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‘What we’re seeing is just the surface’: Ontario COVID-19 cases hit record highs, raising fears of a homegrown variant


‘What we’re seeing is just the surface’: Ontario COVID-19 cases hit record highs, raising fears of a homegrown variant

As COVID-19 infections in Ontario hit record highs Thursday, some health experts say the true number of new cases is likely much higher than is being reported, raising concerns of a homegrown variant developing.

Ontario hit a record 5,790 reported cases Thursday and Toronto followed suit with its highest-ever daily count of 2,309, but experts say these numbers no longer tell the full story.

They say the actual number of infections has likely become unknowable and far beyond what are reported in the daily case counts.

The province’s PCR lab test network, which is how case counts get reported, is strained, unable to test everyone who may have the virus.

“What we’re seeing is just the surface,” said Dr. Saverio Stranges, chair of the epidemiology and biostatistics department at Western University. “Many public health scientists, in many countries, are suggesting that we should really focus on hospitalizations now.”

In Toronto, daily hospitalizations have actually dropped. Last week’s average was 2.7, down from 4.6 the week before. The pandemic peak was 93 in April.

But Stranges warned that focusing only on hospitalizations could create a false sense of security.

Most of the population is vaccinated, and therefore unlikely to be hospitalized if they contract Omicron. But a small, yet significant, portion is still extremely vulnerable to the worst of the virus. Case counts provide an idea of their relative risk in coming into contact with other people. If ignored, they could end up in more danger than they know.

“A segment of the population — the most fragile, people with co-morbidities, older adults — they have severe ramifications from infection,” Stranges said. “It’s a tradeoff. We can’t rely on case counts as much, but we still need to look at them to inform our public health policies.”

Dr. Eileen de Villa, Toronto’s public health chief, said that the seven-day average for hospitalizations in city had dropped, but that there has been a slow rise in recent days “that will take a little more time to be reflected in that seven-day moving average,” she said. “I think you will see it start to rise.”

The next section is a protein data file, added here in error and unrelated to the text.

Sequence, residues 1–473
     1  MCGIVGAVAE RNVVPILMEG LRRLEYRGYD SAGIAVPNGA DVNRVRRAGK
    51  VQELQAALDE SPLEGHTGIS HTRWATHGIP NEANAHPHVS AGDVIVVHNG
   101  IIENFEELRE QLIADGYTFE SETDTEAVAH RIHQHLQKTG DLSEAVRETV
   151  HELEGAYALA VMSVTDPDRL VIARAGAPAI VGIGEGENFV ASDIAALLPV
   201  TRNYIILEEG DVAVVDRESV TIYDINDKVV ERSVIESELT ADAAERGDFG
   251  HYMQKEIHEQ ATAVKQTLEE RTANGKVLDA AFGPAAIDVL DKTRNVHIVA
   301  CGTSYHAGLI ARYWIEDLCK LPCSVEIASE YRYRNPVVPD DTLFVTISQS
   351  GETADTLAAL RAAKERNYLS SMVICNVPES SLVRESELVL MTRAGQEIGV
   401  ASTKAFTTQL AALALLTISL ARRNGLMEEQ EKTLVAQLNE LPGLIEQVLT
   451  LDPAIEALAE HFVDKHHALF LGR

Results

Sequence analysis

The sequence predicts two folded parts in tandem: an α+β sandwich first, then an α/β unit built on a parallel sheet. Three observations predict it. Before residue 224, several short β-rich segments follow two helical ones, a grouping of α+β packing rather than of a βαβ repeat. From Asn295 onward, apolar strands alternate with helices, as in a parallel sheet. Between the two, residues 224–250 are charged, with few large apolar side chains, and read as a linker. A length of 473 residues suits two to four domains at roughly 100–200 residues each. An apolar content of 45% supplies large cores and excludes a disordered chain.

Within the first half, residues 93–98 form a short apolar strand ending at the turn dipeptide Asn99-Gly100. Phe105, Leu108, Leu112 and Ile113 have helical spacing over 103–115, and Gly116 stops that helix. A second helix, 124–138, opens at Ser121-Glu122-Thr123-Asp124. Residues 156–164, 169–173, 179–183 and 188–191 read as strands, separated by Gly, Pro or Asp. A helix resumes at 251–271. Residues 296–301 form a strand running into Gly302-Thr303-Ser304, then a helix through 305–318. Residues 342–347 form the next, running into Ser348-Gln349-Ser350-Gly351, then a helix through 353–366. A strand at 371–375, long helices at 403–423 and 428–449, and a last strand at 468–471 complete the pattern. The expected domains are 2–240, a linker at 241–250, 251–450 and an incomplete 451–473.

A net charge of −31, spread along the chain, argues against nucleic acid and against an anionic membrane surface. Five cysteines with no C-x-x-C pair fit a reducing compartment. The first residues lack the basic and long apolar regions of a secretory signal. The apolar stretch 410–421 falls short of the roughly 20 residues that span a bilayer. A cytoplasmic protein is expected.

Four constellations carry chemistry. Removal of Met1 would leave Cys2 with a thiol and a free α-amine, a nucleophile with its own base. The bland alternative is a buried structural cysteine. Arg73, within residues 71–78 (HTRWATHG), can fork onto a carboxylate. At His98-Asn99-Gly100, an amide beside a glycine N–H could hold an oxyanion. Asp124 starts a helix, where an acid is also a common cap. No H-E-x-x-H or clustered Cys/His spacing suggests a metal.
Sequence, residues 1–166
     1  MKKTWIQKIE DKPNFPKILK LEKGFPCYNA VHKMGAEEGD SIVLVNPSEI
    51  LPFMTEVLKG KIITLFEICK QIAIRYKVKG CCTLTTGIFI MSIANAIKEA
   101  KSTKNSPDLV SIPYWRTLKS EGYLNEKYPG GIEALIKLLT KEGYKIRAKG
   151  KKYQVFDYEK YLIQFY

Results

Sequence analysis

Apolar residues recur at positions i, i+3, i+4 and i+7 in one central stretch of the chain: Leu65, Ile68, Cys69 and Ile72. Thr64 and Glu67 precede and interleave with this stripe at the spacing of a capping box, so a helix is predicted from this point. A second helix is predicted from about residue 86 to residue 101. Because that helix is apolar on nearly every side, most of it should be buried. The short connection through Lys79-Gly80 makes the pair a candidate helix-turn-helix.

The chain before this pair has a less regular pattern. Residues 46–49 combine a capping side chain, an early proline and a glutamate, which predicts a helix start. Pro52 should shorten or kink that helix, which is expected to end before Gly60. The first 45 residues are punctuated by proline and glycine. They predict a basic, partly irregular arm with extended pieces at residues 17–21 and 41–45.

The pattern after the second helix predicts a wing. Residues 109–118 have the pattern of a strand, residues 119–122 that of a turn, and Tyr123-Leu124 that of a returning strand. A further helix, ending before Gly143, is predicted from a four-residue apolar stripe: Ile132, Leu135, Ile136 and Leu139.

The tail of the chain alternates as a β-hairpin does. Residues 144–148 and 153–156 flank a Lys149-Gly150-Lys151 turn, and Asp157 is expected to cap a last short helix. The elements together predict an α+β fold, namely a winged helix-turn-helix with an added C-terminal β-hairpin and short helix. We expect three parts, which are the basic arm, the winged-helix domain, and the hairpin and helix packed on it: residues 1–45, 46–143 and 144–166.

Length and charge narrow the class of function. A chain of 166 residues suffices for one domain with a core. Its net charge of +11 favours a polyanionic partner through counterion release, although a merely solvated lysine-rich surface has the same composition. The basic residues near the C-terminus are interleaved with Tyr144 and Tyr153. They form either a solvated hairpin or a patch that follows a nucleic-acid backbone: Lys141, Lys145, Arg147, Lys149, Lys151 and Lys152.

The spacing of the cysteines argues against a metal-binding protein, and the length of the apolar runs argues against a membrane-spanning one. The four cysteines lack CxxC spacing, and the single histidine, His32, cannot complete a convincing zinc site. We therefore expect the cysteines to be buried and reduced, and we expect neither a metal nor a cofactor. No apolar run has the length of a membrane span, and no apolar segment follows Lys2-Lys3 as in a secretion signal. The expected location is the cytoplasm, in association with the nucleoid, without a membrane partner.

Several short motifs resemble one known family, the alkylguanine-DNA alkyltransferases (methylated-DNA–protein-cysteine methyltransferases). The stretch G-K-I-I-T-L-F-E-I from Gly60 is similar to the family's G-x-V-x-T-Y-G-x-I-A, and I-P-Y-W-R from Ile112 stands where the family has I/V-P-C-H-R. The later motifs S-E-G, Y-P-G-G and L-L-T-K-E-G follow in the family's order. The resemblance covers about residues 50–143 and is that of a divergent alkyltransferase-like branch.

In an interview Thursday, De Villa said there is still “conversation and careful observation and monitoring” of all COVID-19 metrics, including case counts.

“Case counts are still being observed but increasingly we are looking at things like hospitalizations, ICU, per cent positivity and reproductive numbers,” said de Villa. “Based on what we’re seeing, we’ll be making recommendations (to the province) about what does the evidence suggest would help us.”

The more people infected with the virus, the more opportunity for it to mutate, said Omar Khan, a U of T expert on molecular engineering.

High case counts are “directly linked to viral evolution,” he said. “If we’re increasing replication numbers, we’re always increasing the odds of mutations and evolution of a new variant.

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“This rapid evolution is what got us Omicron and Delta and Beta and Alpha.”

Khan pointed to kids aged 5 to 11 as an example of a population still not fully protected.

“There’s a huge amount of people who are actually partially vaccinated, not because they are anti-vaxxers but just because they literally couldn’t get it,” said Khan.

De Villa said concerns over another variant developing is a major reason Toronto is asking residents to limit contacts.

“The more transmission there is, the more opportunity for the creation of a new variant — that’s always been a new concern,” she said. “It could be here or in the United States or western Europe where they are also seeing rapid growth.”

Evolution in virus is making it harder for our current tests to detect variants, Khan said.

“Evolution, if it continues to change the virus enough, our diagnostic tools have to be updated and it takes time to develop new ones,” he said.

Another indicator of risk is the test positivity rate — the amount of PCR tests per day that return positive results. On Thursday, test positivity in the province hit a staggering 16 per cent.

“In Europe, it’s been around four to five per cent,” said Stranges. “It’s likely that it’s even higher here, because it’s likely we’re missing many cases.”

Stranges said if the positivity rate stays this high or grows, it’s possible Ontario will need to implement more stringent public health measures.

“It’ll also come down to hospital capacity, that always drives political decisions,” he said. “And the potential impact of the virus on essential workers. That is certainly a concern, and that concern could push for more stringent measures.”

When asked Tuesday if people should still be focused on case counts, Dr. Kieran Moore, Ontario’s public health chief, said the province will begin increasingly focusing on hospitalizations and ICU admissions, with the knowledge it is under-testing and not capturing all the exponential case growth happening.

Ontario is looking for when, or if, Omicron starts impacting hospitalization and ICU rates “as a signal that we’re going to have to take potential extra precautions.”

Ben Cohen is a Toronto-based staff reporter for the Star. Follow him on Twitter: @bcohenn

David Rider is the Star’s City Hall bureau chief and a reporter covering city hall and municipal politics. Follow him on Twitter: @dmrider

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